I have a dear friend back home who strongly believes that Christians are responsible to send their children to Christian schools if they cannot homeschool, a matter he knew I disagreed with since I decided in high school to leave my private schooling for public. At the ripe old age of 15, I could not stand being in tiny classrooms anymore with kids who were all kinds of raising their hands to cheesy worship songs during chapel and offering me drugs on the way back to our lockers. That was my own beef, and I don't regret my decision.
One afternoon, several years removed from high school, my friend was now a teacher at our former Christian school. While discussing his decision to teach in a private Christian school, he shared with me his beliefs on education, and his deeply held belief in Christian schooling in particular.
And you know what? He changed my mind that day about education. He planted some seeds of biblical truth (you cannot teach one about biology while also denying it's Creator, etc. etc.). He did it without callousness, or blanket telling me I was wrong for choosing to leave private school. He engaged with me, instead of simply dismissing me.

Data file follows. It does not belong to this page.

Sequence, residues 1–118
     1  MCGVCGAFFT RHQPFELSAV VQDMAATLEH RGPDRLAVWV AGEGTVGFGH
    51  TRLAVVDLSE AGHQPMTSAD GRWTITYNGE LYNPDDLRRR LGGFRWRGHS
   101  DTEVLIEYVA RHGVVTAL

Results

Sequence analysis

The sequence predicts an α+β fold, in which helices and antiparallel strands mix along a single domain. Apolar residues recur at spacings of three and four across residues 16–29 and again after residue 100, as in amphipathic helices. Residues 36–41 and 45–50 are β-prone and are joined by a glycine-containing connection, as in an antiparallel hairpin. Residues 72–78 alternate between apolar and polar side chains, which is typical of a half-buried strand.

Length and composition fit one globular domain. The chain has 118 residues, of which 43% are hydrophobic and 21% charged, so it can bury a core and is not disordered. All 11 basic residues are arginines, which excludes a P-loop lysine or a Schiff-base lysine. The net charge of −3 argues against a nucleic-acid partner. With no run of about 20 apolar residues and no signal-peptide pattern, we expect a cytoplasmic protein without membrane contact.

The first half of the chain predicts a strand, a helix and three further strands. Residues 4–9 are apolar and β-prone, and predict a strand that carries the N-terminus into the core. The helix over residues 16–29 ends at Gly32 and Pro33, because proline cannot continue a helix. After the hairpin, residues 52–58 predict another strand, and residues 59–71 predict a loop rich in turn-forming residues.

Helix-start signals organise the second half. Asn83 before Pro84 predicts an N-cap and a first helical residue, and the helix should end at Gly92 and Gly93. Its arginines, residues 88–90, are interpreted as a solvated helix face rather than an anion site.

[As an aside: public school just 7 years ago and public school now are radically different. My experience at public and private school had me up against the same sort of temptations and sins prevalent among teenagers. From talking with kids currently in public high school, they are facing much more difficult and in-your-face issues that I was never exposed to in my public school setting. It's truly startling.]
Al Mohler wrote an excellent article on the history of the public school and where it has landed today. His final answer as to whether we as Christians can leave our kids in the public school system was: "increasingly, no." I was shocked by some of the "Christian" response to this. The "increasingly, no" answer was faulted as flat-out wrong, and if you send your kids to public school then YOU are wrong!